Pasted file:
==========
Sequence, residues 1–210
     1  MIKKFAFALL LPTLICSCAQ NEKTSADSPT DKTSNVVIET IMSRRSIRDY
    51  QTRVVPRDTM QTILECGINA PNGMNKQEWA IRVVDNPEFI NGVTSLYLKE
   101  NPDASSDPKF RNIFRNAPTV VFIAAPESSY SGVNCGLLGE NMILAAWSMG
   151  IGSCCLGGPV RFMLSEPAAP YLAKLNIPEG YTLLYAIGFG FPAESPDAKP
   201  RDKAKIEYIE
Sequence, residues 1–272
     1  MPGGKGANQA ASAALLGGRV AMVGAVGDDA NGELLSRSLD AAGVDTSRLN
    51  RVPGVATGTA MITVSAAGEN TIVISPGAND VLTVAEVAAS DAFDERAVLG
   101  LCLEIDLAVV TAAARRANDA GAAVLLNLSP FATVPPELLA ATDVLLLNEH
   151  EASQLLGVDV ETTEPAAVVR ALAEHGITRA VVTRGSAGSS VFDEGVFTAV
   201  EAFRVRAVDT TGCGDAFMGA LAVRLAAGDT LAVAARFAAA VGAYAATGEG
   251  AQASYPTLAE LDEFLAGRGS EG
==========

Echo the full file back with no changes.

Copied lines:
Sequence, residues 1–210
     1  MIKKFAFALL LPTLICSCAQ NEKTSADSPT DKTSNVVIET IMSRRSIRDY
    51  QTRVVPRDTM QTILECGINA PNGMNKQEWA IRVVDNPEFI NGVTSLYLKE
   101  NPDASSDPKF RNIFRNAPTV VFIAAPESSY SGVNCGLLGE NMILAAWSMG
   151  IGSCCLGGPV RFMLSEPAAP YLAKLNIPEG YTLLYAIGFG FPAESPDAKP
   201  RDKAKIEYIE
Sequence, residues 1–272
     1  MPGGKGANQA ASAALLGGRV AMVGAVGDDA NGELLSRSLD AAGVDTSRLN
    51  RVPGVATGTA MITVSAAGEN TIVISPGAND VLTVAEVAAS DAFDERAVLG
   101  LCLEIDLAVV TAAARRANDA GAAVLLNLSP FATVPPELLA ATDVLLLNEH
   151  EASQLLGVDV ETTEPAAVVR ALAEHGITRA VVTRGSAGSS VFDEGVFTAV
   201  EAFRVRAVDT TGCGDAFMGA LAVRLAAGDT LAVAARFAAA VGAYAATGEG
   251  AQASYPTLAE LDEFLAGRGS EG